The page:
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When you come to Chicago, there are some tourist attractions you simply can’t miss, but there are also some foods you need to experience. Chicago has a number of specialty foods and rich cultural traditions such as Chicago deep-dish pizza, steakhouses, and Italian beef. Still, by far, the most cherished tradition is the Chicago Style Hot Dog. This culinary wonder is as much Chicago as Wrigley Field, Grant Park, and the Magnificent Mile. Visitors might wonder how a simple hotdog has garnered such attention, but then again, a Chicago dog isn’t just a simple hotdog. 

The story of the Chicago-style hot dog is rooted in the history of Chicago’s 19the century German immigrants who first brought their love of encased meats to the city along with the original frankfurter, a mixture of pork, beef, and Vienna spices. The frankfurter caught on like wildfire in America as a cheap, quick, meal on the go. 

Due to its prime location in the midwest, Chicago became the meat-packing capital of the world. With sausage making skills in hand, German butchers found a niche in Chicago’s meat-packing plants, and the frank quickly became one of the first industrialized foods. By the end of the 1800s, mass production of frankfurters was typical, but it wasn’t until a new wave of Jewish immigrants that the Chicago dog began to differentiate itself as an all-beef hotdog. 

The new Jewish immigrants were poor and often became peddlers and street vendors to support their families. These jobs didn’t require specialized skills and often presented the lowest barrier to employment. 

During this time, the meat-packing industry wasn’t exactly known for having high health standards, but the Jewish kosher tradition had a reputation for producing purer, safer foods. Thus, the all-beef frankfurter became the standard for the Chicago hot dog.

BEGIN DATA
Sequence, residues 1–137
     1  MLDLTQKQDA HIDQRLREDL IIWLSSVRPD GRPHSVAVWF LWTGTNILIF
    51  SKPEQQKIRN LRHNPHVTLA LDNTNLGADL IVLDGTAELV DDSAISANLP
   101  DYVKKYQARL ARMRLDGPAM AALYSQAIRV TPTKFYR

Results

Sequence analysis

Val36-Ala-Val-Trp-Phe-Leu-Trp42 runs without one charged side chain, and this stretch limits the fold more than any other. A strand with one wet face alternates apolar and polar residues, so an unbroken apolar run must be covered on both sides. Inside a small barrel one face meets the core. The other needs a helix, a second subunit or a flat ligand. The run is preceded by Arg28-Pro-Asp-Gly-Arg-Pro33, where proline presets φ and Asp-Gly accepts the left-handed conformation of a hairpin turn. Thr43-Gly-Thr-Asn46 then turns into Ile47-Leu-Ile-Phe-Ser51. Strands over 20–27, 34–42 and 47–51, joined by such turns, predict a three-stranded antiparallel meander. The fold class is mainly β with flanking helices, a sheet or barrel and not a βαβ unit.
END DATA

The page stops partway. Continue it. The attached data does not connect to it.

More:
In 1893 the Columbian Exposition came to the world’s fair in Chicago. This event allowed the take-off of two enterprising Austrian-Hungarian immigrants who began peddling their hot dogs and quickly became a hit with the crowd. They made so much during the exposition that they were then able to open up their own business. They named it the Vienna Beef, and their hot dogs became the staple ingredient in Chicago dogs. 

The years that followed brought more immigrants from all over the world to Chicago, including a Polish immigrant named Sam Rosen. Sam Rosen was a baker by trade and became well known as the originator of the poppy-seed bun. It was this bun and the Vienna Beef hot dogs that laid the foundation for the Chicago-style dogs. Other immigrants began adding items that suited their own tastes to their hot dogs. 

The stock market crash of 1929 spurred the next incarnation of the hot dog. Hot dogs had always been considered a cheap meal, but with the Great Depression’s desperation, they became the go-to source of nutrition for many. Hot dog vendors began piling on the extras to make them more fulfilling. The addition of a wide variety of vegetables became part of the Chicago tradition. These fixings would come and go, but the ones that became an indelible part of the Chicago style dog were sport peppers, mustard, pickle, relish, onion, tomato, and celery salt – no ketchup!